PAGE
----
Harvard Macy Programs

Program for Post-Graduate Trainees: Future Academic Clinician-Educators

Offered Annually in Boston, MA
Next Program:
December 12-14, 2015
Application Deadline:
June 23, 2015

Program Directors:

Program Objectives Upon completion of this course, scholars will:
  • Discuss and apply theories of learning to their own teaching practice
  • Adapt their teaching practices to further the achievement of intended learning objectives
  • Use feedback for both teaching and learning improvement
  • Reflect on their own and others’ work in medical education with a scholarly focus Use a scholarly approach to educational project development
  • Broaden their own community of clinician-educators within medical education

Program Description This 3-day intensive program is focused on post-graduate trainees (residents and fellows) who seek to enhance their skills and scholarship as future academic clinician-educators. The course content is focused on two major themes: skills in teaching and learning AND developing scholarship in medical education. Learning formats rely on small group project work and problem-solving, interactive small group activities with individualized feedback, and large group case-based discussion.

The course learning is built around the scholars’ educational project development. Therefore, each scholar must apply with a medical education project that is of interest to the scholar and of benefit to the current or future training program in which he or she works or teaches. Each scholar must have the explicit support of a faculty mentor who will assist and oversee the scholar’s project development at the home institution. Faculty mentors are invited and strongly encouraged to attend the project reporting-out in person on the afternoon of 12/14/15; however, online connection opportunities will be made available to facilitate remote access by faculty mentors to this event, if desired.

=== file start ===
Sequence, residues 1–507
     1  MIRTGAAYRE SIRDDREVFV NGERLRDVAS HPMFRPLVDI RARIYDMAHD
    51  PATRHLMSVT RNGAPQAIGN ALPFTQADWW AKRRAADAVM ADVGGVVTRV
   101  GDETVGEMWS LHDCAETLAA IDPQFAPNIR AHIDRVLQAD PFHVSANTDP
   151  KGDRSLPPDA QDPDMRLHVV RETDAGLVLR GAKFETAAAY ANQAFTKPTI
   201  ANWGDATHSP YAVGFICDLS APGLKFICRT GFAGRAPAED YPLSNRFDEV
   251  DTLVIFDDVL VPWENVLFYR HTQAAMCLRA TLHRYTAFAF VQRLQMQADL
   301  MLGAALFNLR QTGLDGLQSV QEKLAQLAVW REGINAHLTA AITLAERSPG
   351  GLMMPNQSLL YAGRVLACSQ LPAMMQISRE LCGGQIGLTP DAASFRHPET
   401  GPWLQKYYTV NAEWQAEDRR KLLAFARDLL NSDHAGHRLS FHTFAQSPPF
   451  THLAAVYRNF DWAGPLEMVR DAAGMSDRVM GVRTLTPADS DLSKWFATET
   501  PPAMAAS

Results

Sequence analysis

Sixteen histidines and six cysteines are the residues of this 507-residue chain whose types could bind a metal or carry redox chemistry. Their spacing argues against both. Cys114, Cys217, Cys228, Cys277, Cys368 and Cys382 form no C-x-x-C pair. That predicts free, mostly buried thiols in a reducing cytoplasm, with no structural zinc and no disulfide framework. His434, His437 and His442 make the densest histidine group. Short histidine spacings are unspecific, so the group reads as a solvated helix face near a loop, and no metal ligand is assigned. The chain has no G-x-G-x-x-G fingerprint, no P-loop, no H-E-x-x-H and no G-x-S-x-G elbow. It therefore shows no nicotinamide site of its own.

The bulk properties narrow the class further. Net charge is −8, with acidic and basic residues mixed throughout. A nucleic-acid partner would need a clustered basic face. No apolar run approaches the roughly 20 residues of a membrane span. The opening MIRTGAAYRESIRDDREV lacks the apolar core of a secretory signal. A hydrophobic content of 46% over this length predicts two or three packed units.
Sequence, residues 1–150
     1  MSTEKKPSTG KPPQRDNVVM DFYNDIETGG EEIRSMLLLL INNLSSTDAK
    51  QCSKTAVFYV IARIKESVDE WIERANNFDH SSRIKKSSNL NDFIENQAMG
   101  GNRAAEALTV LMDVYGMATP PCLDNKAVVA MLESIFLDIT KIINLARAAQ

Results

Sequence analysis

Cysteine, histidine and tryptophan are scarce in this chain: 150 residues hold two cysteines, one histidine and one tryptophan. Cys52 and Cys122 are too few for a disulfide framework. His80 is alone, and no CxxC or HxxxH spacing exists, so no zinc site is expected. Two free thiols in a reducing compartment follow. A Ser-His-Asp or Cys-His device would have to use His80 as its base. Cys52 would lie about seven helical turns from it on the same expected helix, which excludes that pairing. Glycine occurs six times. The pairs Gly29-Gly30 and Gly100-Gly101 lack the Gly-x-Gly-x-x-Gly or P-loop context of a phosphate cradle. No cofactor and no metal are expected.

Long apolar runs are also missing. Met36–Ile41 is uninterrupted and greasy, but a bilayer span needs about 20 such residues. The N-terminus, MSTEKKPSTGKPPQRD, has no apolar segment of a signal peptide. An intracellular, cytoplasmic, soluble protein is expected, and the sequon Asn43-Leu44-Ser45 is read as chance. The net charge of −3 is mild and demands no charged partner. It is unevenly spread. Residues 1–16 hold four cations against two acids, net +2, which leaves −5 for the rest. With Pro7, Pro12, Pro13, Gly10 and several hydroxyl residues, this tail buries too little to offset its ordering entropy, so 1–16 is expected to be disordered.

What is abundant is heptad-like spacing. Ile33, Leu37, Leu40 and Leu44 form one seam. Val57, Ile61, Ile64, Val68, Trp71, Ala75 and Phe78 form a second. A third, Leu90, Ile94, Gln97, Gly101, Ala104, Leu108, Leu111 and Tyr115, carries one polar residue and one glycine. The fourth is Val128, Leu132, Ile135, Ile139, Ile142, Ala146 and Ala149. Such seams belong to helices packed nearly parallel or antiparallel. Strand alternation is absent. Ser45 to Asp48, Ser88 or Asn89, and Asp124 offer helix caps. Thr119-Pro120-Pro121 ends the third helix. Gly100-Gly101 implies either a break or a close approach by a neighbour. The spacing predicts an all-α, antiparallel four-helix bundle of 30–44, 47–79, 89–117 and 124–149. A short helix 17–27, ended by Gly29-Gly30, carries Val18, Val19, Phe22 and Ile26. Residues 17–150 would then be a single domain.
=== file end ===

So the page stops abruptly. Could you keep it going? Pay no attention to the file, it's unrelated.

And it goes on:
1.  A BRIEF BIOSKETCH.  There are 3 fields available in the online application that will make up your one page biosketch (3300 characters max).   In the Education and Professional Experience section  include you PG year of training as of December 2015, expected graduation date from post-graduate training (residency or fellowship), previous health science education experience (teacher, preceptor, course/curriculum designer).  In the Scholarly Interest section include future academic goals, and in Personal Background provide any brief personal information you would like to share.
2.   AN EDUCATIONAL PROJECT (3300 characters max).   This will be the concrete vehicle to support your learning & application of new concepts.  The project fields in the application have been divided into 5 sections - answer all the questions as they apply to your project.
3.  A MENTOR LETTER OF SUPPORT.   This letter should include knowledge of the applicant's academic interest/experience, as well as future potential as an academic clinician-educator; how the applicant's project will contribute to further the educational mission of program/department/institution; and support commitment, including time available for meeting, guidance, mentoring, or resources.  Mentor should include their contact information.  Letter should be emailed directly to Sandra Mori,  sdmori@partners.org.   Questions regarding the program can be sent to Sandra or Susan Farrell, sefarrell@partners.org.


On the Leading Innovations Program, "I attended the meeting after having already been involved in several innovations around the development of new medical schools in 4 countries, sometimes at leadership level, and so was more experienced than some other attendees. However, I still found the meeting to be very useful. I was able to immerse myself for a week in other kinds of thinking and encouraged to consider how to translate concepts into medical education. The small group exercises allowed us to discuss the meaning of other models and theories and to merge, translate and develop potentially new ways of approaching familiar tasks. Group membership was deliberately diverse, so I was constantly having to think about things from the perspectives of different levels of experience and different health and education systems. For me the main benefit came in the weeks after the meeting, as I returned to my usual job but continued to reflect on the discussions during the meeting and thought throughways of applying what I had learned. I have since changed the way I work by increasing my focus on leading, rather than implementing, change."

Richard Hays, M.D., Dean, School of Medicine, Keele University, UK


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